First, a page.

Computational studies of mono- and bimetallic nanoclusters for potential polymer electrolyte fuel cell applications

Jennings, Paul Christopher (2014). Computational studies of mono- and bimetallic nanoclusters for potential polymer electrolyte fuel cell applications. University of Birmingham. Ph.D.

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A problem with the Polymer Electrolyte Fuel Cell (PEFC) is the expensive platinum (Pt) electrocatalyst. This thesis aims to investigate alloying of Pt with cheaper metals that not only reduce the overall cost but also alter the electronic properties to improve reaction kinetics. A Genetic Algorithm (GA) coupled with Density Functional Theory (DFT) approach has been used to perform structural searches on small Pt clusters doped with early transition metals (M). It is found that varying spin can have significant effects on the minimum energy structures of pure Pt clusters, while doping with early transition metals leads to spin quenching.

DFT studies have been performed to predict potential Pt-based alloy nanoparticles that will result in weaker Pt–O interactions. This is achieved by investigating nanoalloys that lead to filling of the Pt d-band. Early transition metals are found to be promising, where donation of electron density from M to Pt results in additional filling of the Pt d-band. The surfaces of pure Pt clusters are found to distort, facilitating fast oxygen dissociation. It is found that the strong Pt-M interactions, which lead to filling of the d-band, can lead to Pt clusters becoming more structurally rigid, which inhibits oxygen dissociation. A search has been performed to find the best compromise for a system that retains flexibility of the Pt surface, to allow fast dissociation while also allowing M to Pt electron donation, leading to filling of the Pt d-band.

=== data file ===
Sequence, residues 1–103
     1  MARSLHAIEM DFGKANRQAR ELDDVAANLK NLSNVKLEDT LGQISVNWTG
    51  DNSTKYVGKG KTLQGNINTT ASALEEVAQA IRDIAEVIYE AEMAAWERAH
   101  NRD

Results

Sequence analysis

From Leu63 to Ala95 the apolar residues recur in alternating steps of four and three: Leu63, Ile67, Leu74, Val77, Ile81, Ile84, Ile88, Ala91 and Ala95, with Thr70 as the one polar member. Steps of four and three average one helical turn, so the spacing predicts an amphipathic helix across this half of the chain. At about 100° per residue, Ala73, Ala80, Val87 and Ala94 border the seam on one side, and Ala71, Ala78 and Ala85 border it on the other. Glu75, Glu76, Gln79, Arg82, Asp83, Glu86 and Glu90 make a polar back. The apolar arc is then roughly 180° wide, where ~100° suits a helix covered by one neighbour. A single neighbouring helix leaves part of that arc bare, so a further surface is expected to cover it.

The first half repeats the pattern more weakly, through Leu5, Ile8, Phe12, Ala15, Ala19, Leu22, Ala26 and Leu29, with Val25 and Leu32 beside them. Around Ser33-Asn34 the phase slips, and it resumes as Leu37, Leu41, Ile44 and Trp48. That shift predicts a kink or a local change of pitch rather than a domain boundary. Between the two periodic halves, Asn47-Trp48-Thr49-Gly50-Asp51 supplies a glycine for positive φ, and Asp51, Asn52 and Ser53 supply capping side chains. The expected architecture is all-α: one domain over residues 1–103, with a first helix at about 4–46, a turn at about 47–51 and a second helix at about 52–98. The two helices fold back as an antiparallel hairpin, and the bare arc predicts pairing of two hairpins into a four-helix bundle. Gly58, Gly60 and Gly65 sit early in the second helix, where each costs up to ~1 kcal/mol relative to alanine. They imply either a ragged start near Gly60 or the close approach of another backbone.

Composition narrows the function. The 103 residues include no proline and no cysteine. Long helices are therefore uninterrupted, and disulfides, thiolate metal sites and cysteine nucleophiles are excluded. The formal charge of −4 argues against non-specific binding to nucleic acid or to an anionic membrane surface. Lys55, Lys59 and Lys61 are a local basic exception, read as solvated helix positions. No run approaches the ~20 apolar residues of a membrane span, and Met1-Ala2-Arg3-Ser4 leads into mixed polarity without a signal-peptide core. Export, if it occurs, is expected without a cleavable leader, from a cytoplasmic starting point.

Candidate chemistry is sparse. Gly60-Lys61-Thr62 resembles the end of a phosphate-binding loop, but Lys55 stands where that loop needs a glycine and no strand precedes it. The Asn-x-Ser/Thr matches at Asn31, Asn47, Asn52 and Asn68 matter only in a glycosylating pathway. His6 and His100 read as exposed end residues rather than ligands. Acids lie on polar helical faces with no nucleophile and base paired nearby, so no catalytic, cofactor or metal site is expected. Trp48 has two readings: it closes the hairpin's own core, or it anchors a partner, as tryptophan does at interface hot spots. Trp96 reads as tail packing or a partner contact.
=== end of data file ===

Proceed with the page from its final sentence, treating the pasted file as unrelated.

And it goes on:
Type of Work: Thesis (Doctorates > Ph.D.)
Award Type: Doctorates > Ph.D.
College/Faculty: Colleges (2008 onwards) > College of Engineering & Physical Sciences
School or Department: School of Chemical Engineering
Funders: Engineering and Physical Sciences Research Council
Subjects: T Technology > TP Chemical technology


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